NCAA Talk

Bradley hires Ford as new men's basketball coach

Bradley hires Ford as new men's basketball coach

Sunday, March 27, 2011
Posted 8:54 p.m.

CSNChicago.com

PEORIA, Ill. - Bradley has found its new men's basketball coach, announcing the hiring of Geno Ford Sunday night.

Ford, the Mid-American Conference Coach of the Year the last two seasons at Kent State University, will become the 13th head coach in Bradley Basketball history.

"I am ecstatic to work at such a great institution with such a rich basketball history," said Ford in a statement released by the university. "The passionate Bradley fan base, academic excellence and exceptional facilities will give us an opportunity to compete at the highest levels of the Missouri Valley Conference.

"I am excited about the support for our program and the resources we have to achieve at the highest levels. The investments made in our program will give us a chance to achieve our maximum potential."

In his third season at Kent State, Ford, 36, became the first men's basketball coach to lead his team to consecutive, outright MAC regular-season titles in 48 years. After winning the 2009-10 title with a 13-3 league record, Ford won another MAC championship in 2010-11 with a 12-4 conference mark despite only returning three players.

Although the Golden Eagles didn't make the NCAA Tournament after losing in the MAC Tournament championship game, Kent State won NIT contests on both at Saint Mary's (Calif.) and Fairfield - before dropping an 81-74 decision at No. 1 seed Colorado in the quarterfinals to finish the season with a 25-12 overall record.

Ford went 68-37 in his three seasons at Kent State. Including previous head coaching stints at NAIA Shawnee State (22-10 in 2001-02) and NCAA Division III Muskingum (29-22 from 2005-07), Ford has a record of 119-69 in his six years as a head coach.

"Geno Ford met every quality that I was seeking in the head coach of Bradley Basketball," said Director of Athletics Dr. Michael Cross. "He has tremendous values, high basketball IQ, is a gifted and charismatic communicator, appreciates the educational quality of Bradley and has demonstrated he is a proven winner time and time again.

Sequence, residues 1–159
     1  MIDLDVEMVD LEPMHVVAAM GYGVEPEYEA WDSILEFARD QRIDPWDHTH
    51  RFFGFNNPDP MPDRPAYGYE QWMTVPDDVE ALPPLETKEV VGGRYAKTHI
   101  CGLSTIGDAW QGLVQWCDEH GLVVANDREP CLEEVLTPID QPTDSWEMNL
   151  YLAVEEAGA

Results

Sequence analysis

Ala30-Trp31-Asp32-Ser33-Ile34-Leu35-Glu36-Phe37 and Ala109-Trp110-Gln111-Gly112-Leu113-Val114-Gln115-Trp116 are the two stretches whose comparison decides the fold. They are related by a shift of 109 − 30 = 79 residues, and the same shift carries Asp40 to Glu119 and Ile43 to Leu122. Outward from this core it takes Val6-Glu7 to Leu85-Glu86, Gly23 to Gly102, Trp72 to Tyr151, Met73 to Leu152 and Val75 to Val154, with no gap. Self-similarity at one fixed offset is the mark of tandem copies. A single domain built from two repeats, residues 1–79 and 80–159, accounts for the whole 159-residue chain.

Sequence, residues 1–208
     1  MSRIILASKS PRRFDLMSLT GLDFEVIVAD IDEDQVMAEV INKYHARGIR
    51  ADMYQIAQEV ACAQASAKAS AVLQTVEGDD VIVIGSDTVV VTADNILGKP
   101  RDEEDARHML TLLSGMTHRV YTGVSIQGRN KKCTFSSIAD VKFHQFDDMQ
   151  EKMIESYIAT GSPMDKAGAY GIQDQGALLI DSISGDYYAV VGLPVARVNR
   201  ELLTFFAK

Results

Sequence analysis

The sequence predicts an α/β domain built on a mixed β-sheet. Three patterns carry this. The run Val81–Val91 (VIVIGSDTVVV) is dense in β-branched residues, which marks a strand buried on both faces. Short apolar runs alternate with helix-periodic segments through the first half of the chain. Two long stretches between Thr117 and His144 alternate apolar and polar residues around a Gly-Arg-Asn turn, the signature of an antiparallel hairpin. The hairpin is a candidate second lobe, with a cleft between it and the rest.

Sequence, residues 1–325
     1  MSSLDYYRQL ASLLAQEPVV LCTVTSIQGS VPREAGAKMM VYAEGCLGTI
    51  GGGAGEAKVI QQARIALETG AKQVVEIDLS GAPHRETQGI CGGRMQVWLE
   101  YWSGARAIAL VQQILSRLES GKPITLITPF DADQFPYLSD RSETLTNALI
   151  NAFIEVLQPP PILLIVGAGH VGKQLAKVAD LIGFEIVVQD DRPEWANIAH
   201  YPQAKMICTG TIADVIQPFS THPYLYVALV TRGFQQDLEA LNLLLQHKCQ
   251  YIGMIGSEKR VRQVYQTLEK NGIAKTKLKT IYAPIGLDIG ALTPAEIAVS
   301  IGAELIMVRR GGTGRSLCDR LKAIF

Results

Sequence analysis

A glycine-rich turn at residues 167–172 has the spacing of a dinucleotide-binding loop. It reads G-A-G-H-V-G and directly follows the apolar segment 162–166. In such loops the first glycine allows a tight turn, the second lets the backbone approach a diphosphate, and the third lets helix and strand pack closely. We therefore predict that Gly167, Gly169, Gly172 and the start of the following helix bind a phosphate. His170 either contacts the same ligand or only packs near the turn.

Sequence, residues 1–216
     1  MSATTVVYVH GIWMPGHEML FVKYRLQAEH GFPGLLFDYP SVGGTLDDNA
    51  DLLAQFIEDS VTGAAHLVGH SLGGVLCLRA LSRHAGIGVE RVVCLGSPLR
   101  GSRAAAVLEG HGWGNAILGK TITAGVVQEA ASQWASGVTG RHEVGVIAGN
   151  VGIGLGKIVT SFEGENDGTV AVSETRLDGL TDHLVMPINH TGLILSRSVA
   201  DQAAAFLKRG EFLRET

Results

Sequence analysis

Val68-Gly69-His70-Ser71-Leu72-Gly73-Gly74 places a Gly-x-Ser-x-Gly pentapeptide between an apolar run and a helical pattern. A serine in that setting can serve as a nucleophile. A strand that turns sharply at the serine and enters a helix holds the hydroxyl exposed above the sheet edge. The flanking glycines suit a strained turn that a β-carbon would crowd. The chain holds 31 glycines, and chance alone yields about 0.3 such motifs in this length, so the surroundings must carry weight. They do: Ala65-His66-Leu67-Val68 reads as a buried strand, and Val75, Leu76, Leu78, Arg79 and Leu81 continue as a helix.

Ford will take over a Bradley program that finished 12-20 overall in 2010-11 and tied for ninth in the Missouri Valley Conference regular-season standings with a 4-14 league record. The Braves are expected to return nine lettermen and five of the top seven scorers for the 2011-12 season.

"Coach Ford is a perfect fit for Bradley and I have every confidence that our program will thrive under his leadership. I look forward to working with Geno on a daily basis and welcoming his family to the Peoria community."

Ford was a high-scoring guard for Ohio University from 1993-97, finishing his career as the fifth-leading scorer in school history with 1,752 points and earning second-team All-MAC honors in 1995-96 and first-team honors in 1996-97. He returned to his alma mater in 1998 as a graduate assistant and was promoted to assistant coach on the Bobcats staff in 1999.

In addition to finding success on the court, Ford's teams also have excelled beyond the hardwood. In his first year as Kent State head coach, his players combined for the program's best semester grade point average during the 2008 Fall semester and five of his student-athletes have been honored at the Judith K. Devine Athletic Academic Honors Dinner each of the last two years.